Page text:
TOKYO -- Honda Motor is looking to save money on developing and manufacturing green vehicles by having them share the same undercarriage.
The automaker has scheduled a 2018 launch in Japan, the U.S. and Europe for its new electric vehicle and its plug-in hybrid. Both models will use the same undercarriage as the new fuel cell model set to be released next March. Smaller fuel cells enable the powertrain for the hydrogen-powered car to be stored in the front, and it has a cruising range of over 700km on a full tank, beating Toyota Motor's Mirai by at least 50km. The car is expected to sell for 7.66 million yen ($62,807).
The carmaker will first make the three models in small quantities at the Automobile R&D Center run by subsidiary Honda R&D. Starting in 2018, the cars will be mass-produced at the main Sayama Plant near Tokyo. The company will initially make around 400 fuel cell vehicles annually, bumping the number up to roughly 1,500 units in 2020, when Honda will also make upwards of 35,000 electric vehicles and plug-in hybrids. The company plans to export around 70% of the vehicles to the U.S.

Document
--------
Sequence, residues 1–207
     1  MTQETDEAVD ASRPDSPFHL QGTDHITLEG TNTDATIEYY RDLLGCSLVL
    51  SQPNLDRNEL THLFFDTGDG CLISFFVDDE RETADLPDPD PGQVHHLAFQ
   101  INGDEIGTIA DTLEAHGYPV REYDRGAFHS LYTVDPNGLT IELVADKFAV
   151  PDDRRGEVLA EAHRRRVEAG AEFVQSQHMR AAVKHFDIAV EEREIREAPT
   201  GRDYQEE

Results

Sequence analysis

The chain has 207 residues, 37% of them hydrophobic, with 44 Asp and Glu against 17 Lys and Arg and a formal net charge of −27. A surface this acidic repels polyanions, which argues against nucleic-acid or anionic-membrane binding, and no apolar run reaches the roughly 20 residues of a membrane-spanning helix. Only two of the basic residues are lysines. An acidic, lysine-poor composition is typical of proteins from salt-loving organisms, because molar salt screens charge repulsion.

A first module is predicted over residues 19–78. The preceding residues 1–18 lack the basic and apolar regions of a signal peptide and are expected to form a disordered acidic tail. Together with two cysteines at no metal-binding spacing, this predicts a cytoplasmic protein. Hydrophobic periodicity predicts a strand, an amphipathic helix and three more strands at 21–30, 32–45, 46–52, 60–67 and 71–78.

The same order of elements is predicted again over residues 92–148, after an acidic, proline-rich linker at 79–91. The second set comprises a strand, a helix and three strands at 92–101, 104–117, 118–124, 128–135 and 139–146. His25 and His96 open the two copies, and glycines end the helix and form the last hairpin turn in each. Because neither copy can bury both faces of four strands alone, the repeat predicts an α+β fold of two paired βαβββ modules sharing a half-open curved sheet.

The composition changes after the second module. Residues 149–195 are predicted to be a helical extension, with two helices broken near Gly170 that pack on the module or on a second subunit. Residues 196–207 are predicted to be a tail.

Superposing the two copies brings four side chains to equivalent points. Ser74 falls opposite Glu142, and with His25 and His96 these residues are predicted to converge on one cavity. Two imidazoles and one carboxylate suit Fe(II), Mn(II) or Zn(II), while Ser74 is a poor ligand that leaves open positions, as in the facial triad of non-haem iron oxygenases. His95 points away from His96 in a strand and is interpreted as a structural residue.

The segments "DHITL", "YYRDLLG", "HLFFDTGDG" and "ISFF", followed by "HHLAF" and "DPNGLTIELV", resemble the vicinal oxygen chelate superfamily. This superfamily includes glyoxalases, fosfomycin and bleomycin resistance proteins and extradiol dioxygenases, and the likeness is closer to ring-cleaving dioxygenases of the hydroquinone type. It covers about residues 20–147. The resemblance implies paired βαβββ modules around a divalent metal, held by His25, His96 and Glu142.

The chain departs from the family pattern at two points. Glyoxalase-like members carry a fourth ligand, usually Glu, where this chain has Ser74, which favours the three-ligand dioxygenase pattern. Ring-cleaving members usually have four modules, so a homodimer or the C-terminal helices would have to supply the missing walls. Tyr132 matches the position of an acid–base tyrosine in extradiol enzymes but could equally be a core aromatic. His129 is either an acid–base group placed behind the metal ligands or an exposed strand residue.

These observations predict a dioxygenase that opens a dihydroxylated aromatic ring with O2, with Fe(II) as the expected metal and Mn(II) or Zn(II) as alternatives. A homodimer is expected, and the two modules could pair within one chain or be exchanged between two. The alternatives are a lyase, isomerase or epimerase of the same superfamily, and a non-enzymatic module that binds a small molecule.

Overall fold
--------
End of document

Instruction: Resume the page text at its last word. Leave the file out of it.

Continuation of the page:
While the three models will have the same chassis, their distinguishing features will be the power source, such as high-capacity batteries for electric vehicles and fuel cells for hydrogen-powered cars. The setup will allow the green vehicles to be made on the same production lines, a boon for both manufacturing and development.
Though the Honda fuel-cell vehicle is set to cost over 400,000 yen more than the Mirai, the Toyota vehicle houses the power generating unit at the bottom of car, which requires a special chassis. By standardizing the undercarriage, Honda can keep down expenses for the different green vehicles and raise cost competitiveness.
The Toyota Prius has already swept the green car market with its reasonable price in the 2 million yen range. Though fuel-cell cars can currently be purchased for around 5 million yen when government subsidies and other incentives are applied, the sticker shock may still prevent their spread. Along with the appropriate infrastructure, lower development and production costs might be necessary before the next-generation green vehicles become the new kings of the road.
Honda already makes an electric version of the Fit and a plug-in hybrid Accord, but only in limited numbers which are sold in selected areas.